Four young Indian innovators have been named among the world’s top 50 leading gastronomy gamechangers. The prestigious list celebrates the next generation of leaders creating sustainable solutions for the global food and drink industry.
The ‘50 Next: Class of 2022’, unveiled at the first-ever live awards ceremony in the Spanish city of Bilbao on Thursday, includes Delhi-based forensic scientist Risha Jasmine Nathan, Bengaluru-based Vinesh Johny and Anusha Murthy, and Mumbai-based Nidhi Pant. Singapore-born Indian-origin food entrepreneur Travinder Singh also makes it to the top 50 for his food tech start-up that turns food waste into beverages.
They join innovators selected from across 30 territories in six continents as the next-gen leaders of gastronomy. “My research, which I completed in New Zealand in 2020, was about using food and vegetable peels and converting them into beads, which could suck up heavy metals from drinking water,” says Risha Jasmine Nathan. The concept has made it to the “Science Innovators” category as a sustainable solution to tackle the issue of water contamination in the developing world. “My goal is to use the science of toxicology to work towards creating a safer and healthier world,” she says.
Also read: India’s top 10 young chefs
Nathan, who will be taking up a post of a lecturer at the Anglia Ruskin University in the UK later this year, is now researching the topic in more detail, hoping to change the lives of millions who still don’t have access to clean water.
Chef Vinesh Johny, who makes the 2022 class in the “Empowering Educators” category, is the founder of Lavonne Academy of Baking Science & Pastry Arts in Bengaluru, India’s first specialised international baking school. “The school is primarily trying to make sure that we get world-class pastry education for the students in India,” said Johny, who founded Lavonne 10 years ago.
He got into the culinary sector to do something skill-based, which was not very academically oriented. "I fell in love with the art of pastry making. Nurturing young talent in our industry by giving them practical and hands-on experience in the area of culinary arts, pastry making, and even sustainable methods of sourcing produce is of paramount importance,” he adds
Also read: Making a case for pastry chefs in India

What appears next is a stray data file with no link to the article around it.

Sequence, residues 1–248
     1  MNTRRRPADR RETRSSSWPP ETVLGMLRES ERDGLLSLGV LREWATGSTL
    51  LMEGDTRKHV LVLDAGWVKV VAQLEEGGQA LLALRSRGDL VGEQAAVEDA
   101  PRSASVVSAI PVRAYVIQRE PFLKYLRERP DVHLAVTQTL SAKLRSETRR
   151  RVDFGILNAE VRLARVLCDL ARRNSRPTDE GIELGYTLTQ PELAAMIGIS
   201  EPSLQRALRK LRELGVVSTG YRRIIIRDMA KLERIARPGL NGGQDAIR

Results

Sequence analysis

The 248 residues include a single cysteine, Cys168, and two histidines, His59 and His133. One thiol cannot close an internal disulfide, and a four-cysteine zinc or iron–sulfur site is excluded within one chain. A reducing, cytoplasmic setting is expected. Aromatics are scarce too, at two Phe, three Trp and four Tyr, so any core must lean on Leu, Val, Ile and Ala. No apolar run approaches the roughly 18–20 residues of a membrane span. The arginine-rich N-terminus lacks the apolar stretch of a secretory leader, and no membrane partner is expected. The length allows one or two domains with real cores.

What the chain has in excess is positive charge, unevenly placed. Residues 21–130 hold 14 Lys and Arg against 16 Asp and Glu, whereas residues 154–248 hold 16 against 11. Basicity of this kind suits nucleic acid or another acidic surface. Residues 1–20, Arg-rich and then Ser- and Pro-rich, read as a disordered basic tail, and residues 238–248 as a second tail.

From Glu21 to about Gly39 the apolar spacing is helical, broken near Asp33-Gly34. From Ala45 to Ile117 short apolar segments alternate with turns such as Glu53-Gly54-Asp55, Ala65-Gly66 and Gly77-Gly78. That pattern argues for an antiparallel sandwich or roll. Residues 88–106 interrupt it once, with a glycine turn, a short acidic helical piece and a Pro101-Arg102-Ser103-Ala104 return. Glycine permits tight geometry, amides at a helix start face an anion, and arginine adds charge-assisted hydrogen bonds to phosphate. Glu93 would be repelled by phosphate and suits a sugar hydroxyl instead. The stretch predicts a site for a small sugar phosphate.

Also in the same category is Anusha Murthy, who along with co-creator Elizabeth Yorke is behind ‘Edible Issues’, a food collective that fosters conversation around the Indian food system via community engagement and workshops. Aside from the joint venture, Murthy is also building a cooking robot to help consumers eat more healthily.
The ‘Trailblazing Activists’ category of ‘50 Next’ includes Nidhi Pant, founder of S4S Technologies, an acronym for Science for Society, which has created an electricity-free, solar-powered food dehydrator that helps to alleviate vulnerable communities from hunger and helps farmers preserve crop yields. Pant’s technology is particularly directed at women, as S4S trains landless female farmers to use their machines and equips them with marketing and finance strategies.
A list rather than a ranking, ‘50 Next’ celebrates people aged 35 and under from across the wider food and drink scene to complement the annual rankings of ‘The World’s 50 Best Restaurants’.
Also read: Meet the chef who has won Trèsind Studio a Michelin star
It is based on research by the 50 Next group and academic partner Basque Culinary Center (BCC), headquartered at San Sebastian in the Basque Country, an autonomous region in northern Spain famous for its culinary arts. “50 Next reflects the variety of profiles that shape the present and the future of the gastronomy sector,” says BCC General Manager Joxe Mari Aizega.
“50 Next is an inspiring and necessary event at a time when gastronomy and the entire food industry value chain is facing its own revolution. And we want that revolution to happen here,” adds Unai Rementeria, President of the regional government of Biscay. The list is now in its second year and the first to be unveiled at a live in-person event following the covid-19 pandemic lockdown.